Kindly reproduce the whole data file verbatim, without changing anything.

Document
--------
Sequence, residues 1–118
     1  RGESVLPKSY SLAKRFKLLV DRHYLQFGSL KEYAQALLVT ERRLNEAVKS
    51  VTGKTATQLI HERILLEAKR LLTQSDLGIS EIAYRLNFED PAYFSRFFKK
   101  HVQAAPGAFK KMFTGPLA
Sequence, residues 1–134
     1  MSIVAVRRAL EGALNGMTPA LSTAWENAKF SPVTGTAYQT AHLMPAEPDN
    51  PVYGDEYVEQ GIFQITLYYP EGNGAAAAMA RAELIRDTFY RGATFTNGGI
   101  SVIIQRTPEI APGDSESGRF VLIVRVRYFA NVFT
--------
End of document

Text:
Sequence, residues 1–118
     1  RGESVLPKSY SLAKRFKLLV DRHYLQFGSL KEYAQALLVT ERRLNEAVKS
    51  VTGKTATQLI HERILLEAKR LLTQSDLGIS EIAYRLNFED PAYFSRFFKK
   101  HVQAAPGAFK KMFTGPLA
Sequence, residues 1–134
     1  MSIVAVRRAL EGALNGMTPA LSTAWENAKF SPVTGTAYQT AHLMPAEPDN
    51  PVYGDEYVEQ GIFQITLYYP EGNGAAAAMA RAELIRDTFY RGATFTNGGI
   101  SVIIQRTPEI APGDSESGRF VLIVRVRYFA NVFT